The future of blockchain
Everybody’s still talking about blockchain. It’s the technology trend of the moment. In a recent report, CB Insights found that the term “blockchain” was mentioned almost 300 times during Q1’18 earnings calls.
Just a few weeks ago, over 4,000 attendees gathered in New York City for the 4th Annual Consensus blockchain conference. Financial and technology experts from all over the world met to discuss all things blockchain related.
Even the recent drop in Bitcoin value hasn’t seemed to damper the industry’s interest in blockchain technology. So, where exactly is the blockchain headed? How will it affect the way we do business?
Let’s take a look at a few ways blockchain will impact our lives in the very near future.
Blockchain in healthcare
The very definition of blockchain, which is basically “a secure, distributed, and transparent ledger of transactions,” makes it a perfect solution for the highly fragmented healthcare industry.
Blockchain has the power to totally transform the complicated process of recording and transferring patient health records. With so much information gathered about one individual across many healthcare providers, it can be difficult and confusing for both the patient and the doctor to get a clear analysis of their health and previous treatments.
With a healthcare system based on blockchain technology, every time a patient visits a doctor, emergency room, or any type of healthcare provider, the information would be verified and added as a block to that patient’s individual blockchain. This allows future healthcare providers to see a real-time comprehensive record of the patient’s medical history instantly, instead of having to request documents from previous providers.
When you consider the amount of time and money that could be saved by implementing this technology in the healthcare industry, plus the added benefit of patients having instant access to their entire medical history, you start to get the sense that blockchain could be the answer to making healthcare more affordable for everyone.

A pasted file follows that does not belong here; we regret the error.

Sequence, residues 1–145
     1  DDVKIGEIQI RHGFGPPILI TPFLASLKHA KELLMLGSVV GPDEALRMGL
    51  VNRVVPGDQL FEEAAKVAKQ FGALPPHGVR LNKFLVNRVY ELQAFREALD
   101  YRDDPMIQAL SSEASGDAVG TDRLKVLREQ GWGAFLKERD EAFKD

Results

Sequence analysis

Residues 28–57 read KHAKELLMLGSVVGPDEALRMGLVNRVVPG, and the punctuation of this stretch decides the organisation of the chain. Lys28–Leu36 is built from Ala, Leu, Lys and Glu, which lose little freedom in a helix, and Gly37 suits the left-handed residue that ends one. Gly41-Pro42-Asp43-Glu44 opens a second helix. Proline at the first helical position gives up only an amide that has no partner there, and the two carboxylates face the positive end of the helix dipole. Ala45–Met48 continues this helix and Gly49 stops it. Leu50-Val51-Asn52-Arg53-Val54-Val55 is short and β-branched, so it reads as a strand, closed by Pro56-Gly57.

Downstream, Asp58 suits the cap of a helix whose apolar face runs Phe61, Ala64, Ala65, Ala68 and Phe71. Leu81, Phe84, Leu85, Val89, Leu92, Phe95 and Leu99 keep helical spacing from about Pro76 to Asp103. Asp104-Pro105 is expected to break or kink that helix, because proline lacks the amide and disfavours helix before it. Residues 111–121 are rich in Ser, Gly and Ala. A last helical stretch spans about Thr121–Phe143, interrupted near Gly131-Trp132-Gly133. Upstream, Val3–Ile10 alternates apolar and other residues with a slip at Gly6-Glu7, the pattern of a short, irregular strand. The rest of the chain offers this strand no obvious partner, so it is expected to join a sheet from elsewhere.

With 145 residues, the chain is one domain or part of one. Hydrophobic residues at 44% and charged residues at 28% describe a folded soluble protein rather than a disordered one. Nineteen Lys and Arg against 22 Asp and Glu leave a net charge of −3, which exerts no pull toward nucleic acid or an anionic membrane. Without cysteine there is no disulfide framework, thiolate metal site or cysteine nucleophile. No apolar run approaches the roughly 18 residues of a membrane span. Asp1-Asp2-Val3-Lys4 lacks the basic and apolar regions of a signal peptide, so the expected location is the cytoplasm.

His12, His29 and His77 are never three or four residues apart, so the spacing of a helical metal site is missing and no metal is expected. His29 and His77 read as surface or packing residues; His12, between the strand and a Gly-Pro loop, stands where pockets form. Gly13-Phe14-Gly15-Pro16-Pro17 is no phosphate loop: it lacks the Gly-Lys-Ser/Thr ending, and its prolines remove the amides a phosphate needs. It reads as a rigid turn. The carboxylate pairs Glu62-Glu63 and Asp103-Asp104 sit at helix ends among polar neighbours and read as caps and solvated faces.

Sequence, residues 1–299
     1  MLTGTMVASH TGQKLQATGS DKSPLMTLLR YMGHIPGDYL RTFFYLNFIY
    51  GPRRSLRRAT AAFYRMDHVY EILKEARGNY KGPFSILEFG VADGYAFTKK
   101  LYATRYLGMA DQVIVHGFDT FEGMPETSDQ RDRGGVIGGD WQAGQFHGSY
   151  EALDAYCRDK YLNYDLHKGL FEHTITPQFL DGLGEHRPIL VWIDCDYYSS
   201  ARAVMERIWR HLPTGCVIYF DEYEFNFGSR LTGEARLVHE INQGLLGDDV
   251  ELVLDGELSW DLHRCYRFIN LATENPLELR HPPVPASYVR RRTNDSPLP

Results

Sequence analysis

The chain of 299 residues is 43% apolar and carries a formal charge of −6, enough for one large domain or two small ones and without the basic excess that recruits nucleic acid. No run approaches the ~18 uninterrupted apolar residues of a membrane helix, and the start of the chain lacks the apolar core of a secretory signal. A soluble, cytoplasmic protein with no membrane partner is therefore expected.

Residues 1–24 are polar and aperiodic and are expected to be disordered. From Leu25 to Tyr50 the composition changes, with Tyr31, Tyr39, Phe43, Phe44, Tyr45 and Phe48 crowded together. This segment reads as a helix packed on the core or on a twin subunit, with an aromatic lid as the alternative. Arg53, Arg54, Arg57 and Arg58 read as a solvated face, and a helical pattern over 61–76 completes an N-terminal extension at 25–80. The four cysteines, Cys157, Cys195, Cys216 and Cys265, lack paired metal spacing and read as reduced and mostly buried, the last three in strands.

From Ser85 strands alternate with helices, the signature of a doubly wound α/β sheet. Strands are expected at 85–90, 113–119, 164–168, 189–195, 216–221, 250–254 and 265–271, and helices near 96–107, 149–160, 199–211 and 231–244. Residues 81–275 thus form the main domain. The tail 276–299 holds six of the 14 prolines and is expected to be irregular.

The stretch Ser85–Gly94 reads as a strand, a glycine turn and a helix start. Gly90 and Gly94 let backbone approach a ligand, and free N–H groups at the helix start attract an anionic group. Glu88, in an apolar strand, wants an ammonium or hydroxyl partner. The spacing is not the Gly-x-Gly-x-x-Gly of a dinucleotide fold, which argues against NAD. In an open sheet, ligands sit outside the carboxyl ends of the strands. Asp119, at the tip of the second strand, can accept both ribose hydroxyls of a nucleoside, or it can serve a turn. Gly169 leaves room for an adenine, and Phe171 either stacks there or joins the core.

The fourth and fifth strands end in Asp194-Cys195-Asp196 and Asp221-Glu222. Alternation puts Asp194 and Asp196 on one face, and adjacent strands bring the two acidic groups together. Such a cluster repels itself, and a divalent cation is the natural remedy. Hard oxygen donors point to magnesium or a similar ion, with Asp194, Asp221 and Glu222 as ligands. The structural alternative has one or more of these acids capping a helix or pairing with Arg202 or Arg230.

Blockchain for supply chain
The manufacturing supply chain is another industry that stands to benefit greatly from blockchain technology.
Manufacturing produces a large amount of data and paperwork through orders, invoices, contracts, payments and more. There are so many stages that a product has to go through from origination to final destination, and it’s extremely hard to keep track of all these phases in a concise and cohesive manner.
Consumers today are also much more concerned about where their products and goods are coming from and want to make sure they are shopping ethically. This calls for a high level of transparency that hasn’t been available until the concept of blockchain.
Because records on the blockchain cannot be erased, changed, or tampered with, and consumers can track their products throughout the entire supply chain cycle, a new level of consumer confidence and manufacturer transparency is now a reality.
Blockchain is already being used by several high-profile companies to track their food products, including Walmart, Tyson and Nestle.
Blockchain in education
UC Berkeley recently showcased its commitment to blockchain education through its “Blockchain at Berkeley” student-run organization. The group is a sort of blockchain social network that is comprised of students, alumni, and enthusiasts that meet to discuss all of the practical applications of this new technology.
In addition to studying and learning about blockchain, what if the technology was actually used to measure knowledge? It could transform the whole concept of “college credits” and diplomas.
The University of Nicosia in Cyprus is the first college to actually utilize the blockchain in awarding university diplomas. By placing diplomas on the blockchain, employers and other academic institutions are able to quickly verify a candidate’s credentials. This lessens the chance of applicants lying about their education on their resumes.
Knowledge.io – a startup focused on education and learning solutions – recently developed a blockchain-based Knowledge Score system. The scoring model is based on the gamification of learning and a reward system of knowledge tokens. This type of blockchain accreditation for education could disrupt the entire university grading system as we currently know it.
Just as mobile phone technology and the apps and smart devices that go along with it permeate our everyday lives, the blockchain will soon become just as important and integral to our society.
It will become the new way we conduct business, exchange currency, and transmit information.
Of course, we have a long way to go before Bitcoin replaces cash and before graduates have to find a way to frame their blockchain diploma, but one thing is certain about the future of the blockchain…it has the potential and the power to transform everything about the modern world.
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